- The Washington Times - Thursday, January 2, 2003

ASSOCIATED PRESS
More so than any other year in recent memory, the unenviable task facing state lawmakers returning to legislative sessions this month is all about money and the lack of it.
With the national economy still sputtering and eating into tax revenues, the struggle to cover current spending plans, let alone budget for the future, threatens to affect all areas of government: education, transportation, social services, criminal justice.
"We're going to be competing for dollars," said Eddie Sissons, who lobbies for poor people's needs at the William E. Morris Institute for Justice in Arizona.
The National Governors Association said that it expects state shortfalls to hit $40 billion this year. That follows a year in which budget gaps went as high as $50 billion, forcing many states to cut programs, lay off workers and dip into rainy-day funds.
"What is different is a lot of the choices become more painful and more difficult, because the one-time things were already done," Scott Pattison at the National Association of State Budget Officers noted in November.
Many states warn of cuts to education and Medicaid this year. Cities and counties in Kansas say they will sue the governor for cutting state aid. California's deficit could hit a staggering $34.8 billion.
"The budget will determine the policy of this state," said Mississippi state Rep. George Flaggs, a Democrat.
Large layoffs are likely, said Sandra Sims-deGraffenried, executive director of the Alabama Association of School Boards.
"We've got boards with their backs to the wall, systems with nowhere else to wiggle," she said.
The budget puzzle will complicate new initiatives.
Health care tops several agendas, with Connecticut lawmakers considering ways to improve the state's supply of nurses, including incentives for students and better working conditions.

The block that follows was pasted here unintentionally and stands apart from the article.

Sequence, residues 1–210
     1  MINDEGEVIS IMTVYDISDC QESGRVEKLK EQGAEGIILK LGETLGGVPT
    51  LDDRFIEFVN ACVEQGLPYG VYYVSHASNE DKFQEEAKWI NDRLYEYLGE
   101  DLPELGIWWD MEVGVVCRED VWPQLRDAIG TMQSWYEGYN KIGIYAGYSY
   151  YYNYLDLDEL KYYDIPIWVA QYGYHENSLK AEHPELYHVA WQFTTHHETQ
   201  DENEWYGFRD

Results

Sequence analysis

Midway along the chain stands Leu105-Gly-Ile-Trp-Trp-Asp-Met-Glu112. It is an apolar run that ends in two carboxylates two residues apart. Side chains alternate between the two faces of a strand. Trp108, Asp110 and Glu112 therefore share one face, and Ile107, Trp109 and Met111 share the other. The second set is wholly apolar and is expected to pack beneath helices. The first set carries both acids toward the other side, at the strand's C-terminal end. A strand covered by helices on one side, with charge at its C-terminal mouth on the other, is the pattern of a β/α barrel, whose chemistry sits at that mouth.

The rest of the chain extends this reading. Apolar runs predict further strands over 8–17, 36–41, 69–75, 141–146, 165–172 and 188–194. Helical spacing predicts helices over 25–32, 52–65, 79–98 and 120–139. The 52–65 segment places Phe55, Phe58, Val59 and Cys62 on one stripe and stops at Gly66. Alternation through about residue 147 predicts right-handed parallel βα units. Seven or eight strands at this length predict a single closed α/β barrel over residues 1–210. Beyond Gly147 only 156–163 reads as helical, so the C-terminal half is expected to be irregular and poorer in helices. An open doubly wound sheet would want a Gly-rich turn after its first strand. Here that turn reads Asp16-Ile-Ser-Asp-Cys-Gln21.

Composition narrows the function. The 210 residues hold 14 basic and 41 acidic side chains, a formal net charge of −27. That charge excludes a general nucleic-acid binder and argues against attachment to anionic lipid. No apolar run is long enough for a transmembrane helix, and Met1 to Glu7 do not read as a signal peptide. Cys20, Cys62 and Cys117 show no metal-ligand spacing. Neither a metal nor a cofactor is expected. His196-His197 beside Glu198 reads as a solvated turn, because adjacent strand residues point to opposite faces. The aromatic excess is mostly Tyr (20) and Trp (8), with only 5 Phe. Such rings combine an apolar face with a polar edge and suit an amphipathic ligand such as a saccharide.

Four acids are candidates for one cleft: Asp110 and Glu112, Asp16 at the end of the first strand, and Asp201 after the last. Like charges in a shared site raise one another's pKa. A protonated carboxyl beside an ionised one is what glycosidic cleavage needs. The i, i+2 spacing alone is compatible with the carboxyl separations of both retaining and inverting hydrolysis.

Maine Democratic Gov.-elect John Baldacci seeks expanded health care coverage, hoping to create a new nonprofit health insurer to boost competition. Kansas Democratic Gov.-elect Kathleen Sebelius wants her state to join others in purchasing prescriptions for the needy and elderly.
Heeding the worries of doctors, lawmakers in Florida, Nevada and Pennsylvania are looking at ways to reform the world of medical-malpractice lawsuits. Doctors and insurers say costs are getting too high.
Although many states say schools must prepare for tight budgets, others are hoping or are being forced to make improvements.
Voters demanded that Florida reduce the number of students in classrooms, though lawmakers are trying to figure out how. Michigan once again will consider whether to increase the number of charter schools. New Hampshire lawmakers hope to pass accountability guidelines and make it easier to fire some teachers.
Pennsylvania Democratic Gov.-elect Ed Rendell wants to increase the state share of funding public education to reduce local property taxes. He seeks to add slot machines at racetracks to help cover the $1.5 billion cost.
Gambling also is up for discussion elsewhere, with some New Hampshire legislators pushing to legalize video lottery, and governors in North Carolina and Oklahoma seeking state lotteries.
Connecticut lawmakers worried about new tribal casinos are seeking to repeal the law that has allowed the Mashantucket Pequots to open the popular Foxwoods casino.
Another much-debated form of entertainment the bloody spectacle of cockfighting comes up for discussion in New Mexico, the last of two states to allow it. Louisiana is the other.


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